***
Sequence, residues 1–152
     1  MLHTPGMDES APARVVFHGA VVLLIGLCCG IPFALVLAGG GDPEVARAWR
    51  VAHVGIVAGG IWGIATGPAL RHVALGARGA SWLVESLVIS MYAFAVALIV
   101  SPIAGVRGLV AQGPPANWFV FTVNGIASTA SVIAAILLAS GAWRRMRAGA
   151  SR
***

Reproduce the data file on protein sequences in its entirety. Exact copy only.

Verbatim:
Sequence, residues 1–152
     1  MLHTPGMDES APARVVFHGA VVLLIGLCCG IPFALVLAGG GDPEVARAWR
    51  VAHVGIVAGG IWGIATGPAL RHVALGARGA SWLVESLVIS MYAFAVALIV
   101  SPIAGVRGLV AQGPPANWFV FTVNGIASTA SVIAAILLAS GAWRRMRAGA
   151  SR